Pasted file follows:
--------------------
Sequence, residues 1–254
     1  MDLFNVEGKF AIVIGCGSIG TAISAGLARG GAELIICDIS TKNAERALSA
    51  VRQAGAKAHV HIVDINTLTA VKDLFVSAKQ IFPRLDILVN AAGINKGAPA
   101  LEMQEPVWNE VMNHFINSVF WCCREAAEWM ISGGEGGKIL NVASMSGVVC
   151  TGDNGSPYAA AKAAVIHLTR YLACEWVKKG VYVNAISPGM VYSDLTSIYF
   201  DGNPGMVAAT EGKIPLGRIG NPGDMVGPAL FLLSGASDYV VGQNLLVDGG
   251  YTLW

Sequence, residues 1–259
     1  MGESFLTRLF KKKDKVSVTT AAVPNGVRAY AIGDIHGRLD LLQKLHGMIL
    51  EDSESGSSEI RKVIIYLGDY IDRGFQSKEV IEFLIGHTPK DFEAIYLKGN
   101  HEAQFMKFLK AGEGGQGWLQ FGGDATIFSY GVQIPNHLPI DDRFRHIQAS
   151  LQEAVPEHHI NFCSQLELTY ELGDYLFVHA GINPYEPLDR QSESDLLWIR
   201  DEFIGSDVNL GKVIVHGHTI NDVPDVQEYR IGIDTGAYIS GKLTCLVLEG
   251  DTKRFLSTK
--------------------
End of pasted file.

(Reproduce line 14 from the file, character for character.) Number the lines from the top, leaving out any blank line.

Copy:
   251  DTKRFLSTK